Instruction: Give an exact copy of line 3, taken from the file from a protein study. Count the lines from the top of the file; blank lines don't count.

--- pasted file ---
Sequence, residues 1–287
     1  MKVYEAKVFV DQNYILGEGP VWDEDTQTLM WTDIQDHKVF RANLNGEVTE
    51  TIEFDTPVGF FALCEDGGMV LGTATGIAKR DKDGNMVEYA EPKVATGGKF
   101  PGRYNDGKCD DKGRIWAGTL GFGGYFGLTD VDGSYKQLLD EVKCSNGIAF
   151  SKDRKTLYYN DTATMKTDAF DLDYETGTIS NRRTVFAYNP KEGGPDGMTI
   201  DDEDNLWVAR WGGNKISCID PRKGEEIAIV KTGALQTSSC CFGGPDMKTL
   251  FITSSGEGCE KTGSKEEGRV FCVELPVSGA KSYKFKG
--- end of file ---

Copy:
    51  TIEFDTPVGF FALCEDGGMV LGTATGIAKR DKDGNMVEYA EPKVATGGKF